University of Hawaiʻi at Hilo
Recent publications
“Race” and “ethnicity” are socially constructed terms, not based on biology - in contrast to biologic ancestry and genetic admixture - and are flexible, contested, and unstable concepts, often driven by power. Although individuals may self-identify with a given race and ethnic group, as multidimensional beings exposed to differential life influencing factors that contribute to disease risk, additional social determinants of health (SDOH) should be explored to understand the relationship of race or ethnicity to health. Potential health effects of structural racism, defined as “the structures, policies, practices, and norms resulting in differential access to goods, services, and opportunities of society by “race,” have been largely ignored in medical research. The Women’s Health Initiative (WHI) was expected to enroll a racially and ethnically diverse cohort of older women at 40 U.S. clinical centers between 1993 and 1998; yet, key information on the racial and ethnic make-up of the WHI cohort of 161,808 women was limited until a 2020–2021 Task Force was charged by the WHI Steering Committee to better characterize the WHI cohort and develop recommendations for WHI investigators who want to include “race” and/or “ethnicity” in papers and presentations. As the lessons learned are of relevance to most cohorts, the essence of the WHI Race and Ethnicity Language and Data Interpretation Guide is presented in this paper. Recommendations from the WHI Race and Ethnicity Language and Data Interpretation Guide include: Studies should be designed to include all populations and researchers should actively, purposefully and with cultural-relevance, commit to recruiting a diverse sample; Researchers should collect robust data on race, ethnicity and SDOH variables that may intersect with participant identities, such as immigration status, country of origin, acculturation, current residence and neighborhood, religion; Authors should use appropriate terminology, based on a participant’s self-identified “race” and “ethnicity”, and provide clear rationale, including a conceptual framework, for including race and ethnicity in the analytic plan; Researchers should employ appropriate analytical methods, including mixed-methods, to study the relationship of these sociocultural variables to health; Authors should address how representative study participants are of the population to which results might apply, such as by age, race and ethnicity.
Human activity is rapidly increasing the negative impact of artificial skyglow at even the most remote professional observatory sites. Assessment of the actual impact requires an understanding of the propagation as a function of source spectral energy distribution. The higher blue content of light-emitting diodes being widely used as replacement for sodium discharge lamps has greater impact closer to the source, and less impact for more distant mountain-top sites. All-sky cameras with moderate angular resolution provide data and metrics sufficient to model and remove celestial contributions and provide measures of artificial light contribution. The natural skyglow is significantly affected by solar activity, which must be accounted for in determining secular trends in the artificial component. With the availability of the New World Atlas of the Artificial Sky Brightness, a direct comparison is made of the modeled artificial contribution to the sites with the largest aperture telescopes, noting the possible systematic errors in individual cases. Population growth of the nearest urban centers allows a prediction of the change in that brightness over a decade. All site protections are effected primarily by national or regional regulation. A collection of worldwide regulations shows that most are leveraged off environmental protection statutes, while in the U.S., they are largely based on land-use zones. Particular examples are presented in more detail for Flagstaff, Arizona, and the Island of Hawai’i. The latest rapidly growing threat is that of reflected sunlight from large constellations of satellites in low-earth orbit. A snapshot is provided of that rapidly changing situation. In all cases, astronomers must become very proactive in educating the public about the cultural value of visual or naked eye astronomy as well as the science and the need for access to a dark night sky for astronomical research.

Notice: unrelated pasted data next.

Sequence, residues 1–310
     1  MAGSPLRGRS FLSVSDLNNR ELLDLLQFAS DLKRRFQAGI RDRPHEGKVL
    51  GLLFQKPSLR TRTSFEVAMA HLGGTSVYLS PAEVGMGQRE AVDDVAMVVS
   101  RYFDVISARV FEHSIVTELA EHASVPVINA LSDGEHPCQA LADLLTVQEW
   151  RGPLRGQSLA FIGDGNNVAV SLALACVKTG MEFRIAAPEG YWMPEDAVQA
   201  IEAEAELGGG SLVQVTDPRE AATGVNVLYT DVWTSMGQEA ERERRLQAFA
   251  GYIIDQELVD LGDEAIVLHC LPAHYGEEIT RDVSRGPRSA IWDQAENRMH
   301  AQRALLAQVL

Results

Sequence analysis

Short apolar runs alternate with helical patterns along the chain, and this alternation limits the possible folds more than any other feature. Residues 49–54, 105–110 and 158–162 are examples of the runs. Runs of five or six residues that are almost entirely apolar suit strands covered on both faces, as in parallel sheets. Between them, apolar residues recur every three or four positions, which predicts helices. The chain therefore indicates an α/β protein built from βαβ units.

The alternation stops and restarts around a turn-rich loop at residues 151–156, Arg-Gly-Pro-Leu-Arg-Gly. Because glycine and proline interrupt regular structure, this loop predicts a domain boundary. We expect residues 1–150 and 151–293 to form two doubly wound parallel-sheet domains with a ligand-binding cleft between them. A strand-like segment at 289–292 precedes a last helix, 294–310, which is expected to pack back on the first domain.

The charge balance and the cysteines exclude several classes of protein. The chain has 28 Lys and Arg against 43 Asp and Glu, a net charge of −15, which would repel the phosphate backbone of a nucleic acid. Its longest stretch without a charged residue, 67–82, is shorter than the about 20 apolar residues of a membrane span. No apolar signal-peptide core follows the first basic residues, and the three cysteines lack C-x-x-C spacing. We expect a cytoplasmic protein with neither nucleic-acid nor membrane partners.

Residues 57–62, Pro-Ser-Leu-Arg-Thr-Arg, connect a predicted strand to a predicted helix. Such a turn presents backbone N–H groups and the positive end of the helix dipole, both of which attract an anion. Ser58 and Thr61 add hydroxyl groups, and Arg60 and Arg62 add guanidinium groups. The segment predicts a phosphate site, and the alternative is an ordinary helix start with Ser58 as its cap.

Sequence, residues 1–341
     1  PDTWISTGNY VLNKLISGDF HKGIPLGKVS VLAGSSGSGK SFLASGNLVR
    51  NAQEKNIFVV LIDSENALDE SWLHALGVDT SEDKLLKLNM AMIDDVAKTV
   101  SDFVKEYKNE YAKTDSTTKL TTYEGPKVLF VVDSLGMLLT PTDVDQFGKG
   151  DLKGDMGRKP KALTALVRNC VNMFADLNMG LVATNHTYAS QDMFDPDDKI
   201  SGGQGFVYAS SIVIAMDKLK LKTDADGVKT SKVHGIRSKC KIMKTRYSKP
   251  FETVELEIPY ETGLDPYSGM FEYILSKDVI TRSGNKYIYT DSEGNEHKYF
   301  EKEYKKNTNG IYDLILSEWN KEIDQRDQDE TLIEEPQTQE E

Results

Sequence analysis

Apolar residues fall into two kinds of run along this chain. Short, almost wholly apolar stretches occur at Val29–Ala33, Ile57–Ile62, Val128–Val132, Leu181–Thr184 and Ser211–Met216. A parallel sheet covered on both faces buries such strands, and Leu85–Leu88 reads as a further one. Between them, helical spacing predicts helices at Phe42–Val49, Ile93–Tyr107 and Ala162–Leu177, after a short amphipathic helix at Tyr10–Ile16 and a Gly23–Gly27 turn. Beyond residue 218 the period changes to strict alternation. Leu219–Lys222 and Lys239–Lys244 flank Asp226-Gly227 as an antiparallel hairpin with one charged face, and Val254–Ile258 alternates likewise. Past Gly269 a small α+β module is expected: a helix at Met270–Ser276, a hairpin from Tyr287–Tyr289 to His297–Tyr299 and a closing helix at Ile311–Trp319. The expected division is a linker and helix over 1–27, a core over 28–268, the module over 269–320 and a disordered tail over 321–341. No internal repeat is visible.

Background Native Hawaiians are disproportionately affected by type 2 diabetes mellitus (DM), a chronic metabolic, non-communicable disease characterized by hyperglycemia and systemic inflammation. Unrelenting systemic inflammation frequently leads to a cascade of multiple comorbidities associated with DM, including cardiovascular disease, microvascular complications, and renal dysfunction. Yet few studies have examined the link between chronic inflammation at a cellular level and its relationship to standard DM therapies such as diabetes-specific lifestyle and social support education, well recognized as the cornerstone of clinical standards of diabetes care. This pilot study was initiated to explore the association of monocyte inflammation using epigenetic, immunologic, and clinical measures following a 3-month diabetes-specific social support program among high-risk Native Hawaiian adults with DM. Results From a sample of 16 Native Hawaiian adults with DM, monocytes enriched from peripheral blood mononuclear cells (PBMCs) of 8 individuals were randomly selected for epigenomic analysis. Using the Illumina HumanMethylation450 BeadChip microarray, 1,061 differentially methylated loci (DML) were identified in monocytes of participants at baseline and 3 months following a DM-specific social support program (DM-SSP). Gene ontology analysis showed that these DML were enriched within genes involved in immune, metabolic, and cardiometabolic pathways, a subset of which were also significantly differentially expressed. Ex vivo analysis of immune function showed improvement post-DM-SSP compared with baseline, characterized by attenuated interleukin 1β and IL-6 secretion from monocytes. Altered cytokine secretion in response to the DM-SSP was significantly associated with changes in the methylation and gene expression states of immune-related genes in monocytes between intervention time points. Conclusions Our pilot study provides preliminary evidence of changes to inflammatory monocyte activity, potentially driven by epigenetic modifications, 3 months following a DM-specific SSP intervention. These novel alterations in the trajectory of monocyte inflammatory states were identified at loci that regulate transcription of immune and metabolic genes in high-risk Native Hawaiians with DM, suggesting a relationship between improvements in psychosocial behaviors and shifts in the immunoepigenetic patterns following a diabetes-specific SSP. Further research is warranted to investigate how social support influences systemic inflammation via immunoepigenetic modifications in chronic inflammatory diseases such as DM.